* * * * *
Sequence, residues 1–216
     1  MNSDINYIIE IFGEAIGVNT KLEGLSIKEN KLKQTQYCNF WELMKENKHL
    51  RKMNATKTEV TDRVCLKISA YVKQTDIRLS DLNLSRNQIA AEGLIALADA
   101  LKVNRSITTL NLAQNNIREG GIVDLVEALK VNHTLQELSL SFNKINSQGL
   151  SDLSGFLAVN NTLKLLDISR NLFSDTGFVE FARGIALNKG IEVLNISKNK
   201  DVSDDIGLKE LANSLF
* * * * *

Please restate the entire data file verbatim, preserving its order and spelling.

Sequence, residues 1–216
     1  MNSDINYIIE IFGEAIGVNT KLEGLSIKEN KLKQTQYCNF WELMKENKHL
    51  RKMNATKTEV TDRVCLKISA YVKQTDIRLS DLNLSRNQIA AEGLIALADA
   101  LKVNRSITTL NLAQNNIREG GIVDLVEALK VNHTLQELSL SFNKINSQGL
   151  SDLSGFLAVN NTLKLLDISR NLFSDTGFVE FARGIALNKG IEVLNISKNK
   201  DVSDDIGLKE LANSLF